RANDALL ROBINSON - Richard Peacock


By Richard Peacock

Days after the whirlwind trip he help coordinated to returned ousted Hatian President Jean-Bertrand Aristide back to the Caribbean, TransAfrica founder and internationally renown activist Randall Robinson was the featured speaker at an annually lecture that took place in Tampa, at the Embassy Suites hotel near the University of South Florida.

The lecture was sponsored by the Ivory Club of Tampa Bay, a small group made up of local Africans who are college professors, physicians as well as Africans in other professions. The organization also raises money for orphan African children and a scholarship given away to African students attending the University of South Florida.

During his speech, Robinson promoted black history and encouraged the predominantly black audience to become more politically aware of what is happening to blacks in Africa and the Americas. But what lingered throughout the event was Robinson’s recount of the time and he and others spent to get the Hatian President out of the Central African Republican, where Aristide went during his ouster.

The audience, which was made up of about 215 people, was particularly moved when he told of what he and California Congresswoman Maxine Waters managed to do without the Bush adminstration’s support.


On a private plan that the U.S. help make available Aristide left Haiti on Feb. 29, as armed rebels in groups opposed to his administration were close approaching the Haitian capital, Port-au-Prince. He landed in the Central African Republic on March 1. On March 15, he arrived in Jamaica.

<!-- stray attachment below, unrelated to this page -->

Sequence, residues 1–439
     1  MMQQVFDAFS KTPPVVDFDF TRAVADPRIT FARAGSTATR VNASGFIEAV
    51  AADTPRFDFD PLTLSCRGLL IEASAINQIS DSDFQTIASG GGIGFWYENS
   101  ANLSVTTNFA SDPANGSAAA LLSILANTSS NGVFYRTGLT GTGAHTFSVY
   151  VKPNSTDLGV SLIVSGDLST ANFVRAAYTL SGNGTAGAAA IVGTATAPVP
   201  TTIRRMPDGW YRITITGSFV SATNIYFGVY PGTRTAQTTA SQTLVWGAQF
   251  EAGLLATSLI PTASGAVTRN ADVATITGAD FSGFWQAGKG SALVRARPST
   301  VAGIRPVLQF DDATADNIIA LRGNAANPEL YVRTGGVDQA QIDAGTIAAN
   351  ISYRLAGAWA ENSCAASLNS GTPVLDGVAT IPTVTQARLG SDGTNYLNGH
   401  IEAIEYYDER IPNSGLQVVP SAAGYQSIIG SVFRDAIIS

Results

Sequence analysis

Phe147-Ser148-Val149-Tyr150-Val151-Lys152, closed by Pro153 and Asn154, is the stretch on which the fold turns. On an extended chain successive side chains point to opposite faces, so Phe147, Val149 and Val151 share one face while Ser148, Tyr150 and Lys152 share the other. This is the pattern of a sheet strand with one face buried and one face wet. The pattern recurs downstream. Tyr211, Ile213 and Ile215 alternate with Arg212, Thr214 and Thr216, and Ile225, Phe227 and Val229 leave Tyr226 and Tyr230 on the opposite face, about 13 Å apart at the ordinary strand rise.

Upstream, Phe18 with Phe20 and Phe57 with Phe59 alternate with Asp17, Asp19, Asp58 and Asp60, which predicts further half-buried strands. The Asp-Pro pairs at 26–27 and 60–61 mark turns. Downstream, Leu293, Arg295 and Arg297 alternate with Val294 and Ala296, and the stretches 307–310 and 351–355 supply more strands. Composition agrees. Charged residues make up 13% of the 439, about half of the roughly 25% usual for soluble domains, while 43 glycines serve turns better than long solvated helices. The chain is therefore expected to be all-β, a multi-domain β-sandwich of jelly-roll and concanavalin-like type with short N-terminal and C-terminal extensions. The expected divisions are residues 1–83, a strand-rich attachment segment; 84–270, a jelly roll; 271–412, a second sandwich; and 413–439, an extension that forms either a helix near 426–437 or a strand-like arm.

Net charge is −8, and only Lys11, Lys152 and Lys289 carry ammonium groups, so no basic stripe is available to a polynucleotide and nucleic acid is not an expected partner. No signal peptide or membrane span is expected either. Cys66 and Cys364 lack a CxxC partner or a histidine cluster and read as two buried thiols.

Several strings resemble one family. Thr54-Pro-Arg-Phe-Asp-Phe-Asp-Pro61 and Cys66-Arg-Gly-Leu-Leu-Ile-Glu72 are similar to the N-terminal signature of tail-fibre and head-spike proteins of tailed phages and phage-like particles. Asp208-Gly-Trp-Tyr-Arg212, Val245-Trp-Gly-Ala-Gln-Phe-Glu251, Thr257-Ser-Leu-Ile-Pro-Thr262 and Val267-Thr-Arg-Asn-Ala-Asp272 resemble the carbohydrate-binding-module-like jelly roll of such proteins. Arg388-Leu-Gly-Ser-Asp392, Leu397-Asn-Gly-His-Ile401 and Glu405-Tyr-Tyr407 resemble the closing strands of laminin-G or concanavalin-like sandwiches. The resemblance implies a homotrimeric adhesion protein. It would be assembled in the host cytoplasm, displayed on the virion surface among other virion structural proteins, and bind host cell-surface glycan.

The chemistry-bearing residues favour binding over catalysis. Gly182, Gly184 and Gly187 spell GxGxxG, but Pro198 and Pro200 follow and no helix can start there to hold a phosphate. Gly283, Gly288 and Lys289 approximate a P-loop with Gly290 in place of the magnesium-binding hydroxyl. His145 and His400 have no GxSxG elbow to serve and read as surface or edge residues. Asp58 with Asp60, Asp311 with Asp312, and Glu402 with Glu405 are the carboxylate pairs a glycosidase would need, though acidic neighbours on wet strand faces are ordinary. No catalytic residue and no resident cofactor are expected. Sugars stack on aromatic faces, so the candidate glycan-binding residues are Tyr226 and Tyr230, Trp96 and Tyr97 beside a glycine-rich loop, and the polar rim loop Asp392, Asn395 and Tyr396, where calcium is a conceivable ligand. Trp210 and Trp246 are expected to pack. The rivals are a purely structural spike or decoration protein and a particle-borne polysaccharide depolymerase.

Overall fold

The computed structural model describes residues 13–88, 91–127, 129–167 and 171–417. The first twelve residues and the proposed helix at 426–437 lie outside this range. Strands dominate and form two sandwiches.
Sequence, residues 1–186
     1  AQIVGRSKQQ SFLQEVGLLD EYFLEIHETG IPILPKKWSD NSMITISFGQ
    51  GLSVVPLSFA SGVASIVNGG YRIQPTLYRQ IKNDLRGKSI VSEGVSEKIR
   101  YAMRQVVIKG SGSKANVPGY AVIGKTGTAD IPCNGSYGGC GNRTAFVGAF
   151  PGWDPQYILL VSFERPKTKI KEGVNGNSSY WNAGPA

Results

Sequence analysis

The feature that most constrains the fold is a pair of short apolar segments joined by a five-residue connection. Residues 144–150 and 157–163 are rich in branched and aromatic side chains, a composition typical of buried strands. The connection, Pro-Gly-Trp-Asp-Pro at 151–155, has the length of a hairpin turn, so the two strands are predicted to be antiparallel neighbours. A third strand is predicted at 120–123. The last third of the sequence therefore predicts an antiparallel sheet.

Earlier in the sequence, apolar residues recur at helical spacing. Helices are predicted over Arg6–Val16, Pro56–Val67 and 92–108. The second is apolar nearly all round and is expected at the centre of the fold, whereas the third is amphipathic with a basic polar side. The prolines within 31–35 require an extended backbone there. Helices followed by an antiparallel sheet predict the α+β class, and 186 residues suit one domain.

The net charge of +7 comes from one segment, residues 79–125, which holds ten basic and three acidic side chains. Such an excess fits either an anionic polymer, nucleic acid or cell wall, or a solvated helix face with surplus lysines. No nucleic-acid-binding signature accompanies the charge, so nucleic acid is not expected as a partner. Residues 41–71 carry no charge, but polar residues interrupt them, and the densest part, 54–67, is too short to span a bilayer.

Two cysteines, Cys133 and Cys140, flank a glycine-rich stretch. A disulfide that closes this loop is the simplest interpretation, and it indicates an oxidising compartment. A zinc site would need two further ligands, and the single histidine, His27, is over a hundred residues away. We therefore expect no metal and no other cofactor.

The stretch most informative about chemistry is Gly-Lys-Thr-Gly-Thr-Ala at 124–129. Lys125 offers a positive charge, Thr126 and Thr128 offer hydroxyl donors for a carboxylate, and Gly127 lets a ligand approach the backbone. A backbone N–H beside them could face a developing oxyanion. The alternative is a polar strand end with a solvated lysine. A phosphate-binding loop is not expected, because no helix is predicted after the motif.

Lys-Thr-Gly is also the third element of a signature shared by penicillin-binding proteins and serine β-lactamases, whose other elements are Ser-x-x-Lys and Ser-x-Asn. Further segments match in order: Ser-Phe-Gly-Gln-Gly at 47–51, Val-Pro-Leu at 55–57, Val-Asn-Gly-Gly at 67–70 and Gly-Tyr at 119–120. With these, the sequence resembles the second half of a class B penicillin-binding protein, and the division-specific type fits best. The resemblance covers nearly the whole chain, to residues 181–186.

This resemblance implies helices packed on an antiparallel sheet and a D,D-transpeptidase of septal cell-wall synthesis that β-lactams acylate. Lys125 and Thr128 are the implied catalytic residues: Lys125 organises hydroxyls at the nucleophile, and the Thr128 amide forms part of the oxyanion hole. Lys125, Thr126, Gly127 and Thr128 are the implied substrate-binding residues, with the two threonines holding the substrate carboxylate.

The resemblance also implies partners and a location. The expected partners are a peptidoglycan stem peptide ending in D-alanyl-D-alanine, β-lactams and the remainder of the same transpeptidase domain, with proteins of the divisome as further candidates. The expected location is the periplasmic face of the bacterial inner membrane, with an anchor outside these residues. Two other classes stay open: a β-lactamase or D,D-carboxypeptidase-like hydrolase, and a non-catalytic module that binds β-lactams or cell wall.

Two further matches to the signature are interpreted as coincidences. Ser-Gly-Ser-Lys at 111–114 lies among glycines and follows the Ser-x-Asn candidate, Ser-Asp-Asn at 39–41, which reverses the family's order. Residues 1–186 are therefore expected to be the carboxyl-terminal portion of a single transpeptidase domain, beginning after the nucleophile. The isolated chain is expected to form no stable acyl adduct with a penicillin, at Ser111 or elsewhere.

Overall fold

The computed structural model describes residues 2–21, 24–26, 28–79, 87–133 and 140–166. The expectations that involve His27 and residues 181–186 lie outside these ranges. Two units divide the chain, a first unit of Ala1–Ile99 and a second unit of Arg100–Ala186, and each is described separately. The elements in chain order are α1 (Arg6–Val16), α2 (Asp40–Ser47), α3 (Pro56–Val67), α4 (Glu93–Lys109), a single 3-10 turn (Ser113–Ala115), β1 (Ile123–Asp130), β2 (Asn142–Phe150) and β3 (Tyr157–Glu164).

According to the Associated Press, Nigeria has since recently agreed to allow Aristide to stay there for a while. Jamaica’s involvement in all of this may have jeopardized the caribbean’s nations relations with the U.S., Robinson said when asked what kind or if any international law applies to the Aristide’s abrupt departure.


Another spirited moment came when Robinson suggested that African-Americans need to be less insular in international affairs and less eager to support big time Democratic politicians who don’t do more to lift up black people -- former President Bill Clinton included.


Robinson lives in St Kitts. He is the author of a number of books, including his most recent, “Quitting America: The Departure of Black Man from his native Land.� His advocated for better relations between the United States and African and Caribbean countries for decades. He created a big media stir in 1994, when he went on a hunger strike to protest the United Statess’ treatment of Haitian refugees.

Bonnie Car, one of the lecture and dinner attendees, was thrilled to be in the prescence of Robinson.

Another Tampa resident Rudy Jordan found him very enlightening, especially when it comes to national’s media coverage of Haiti.

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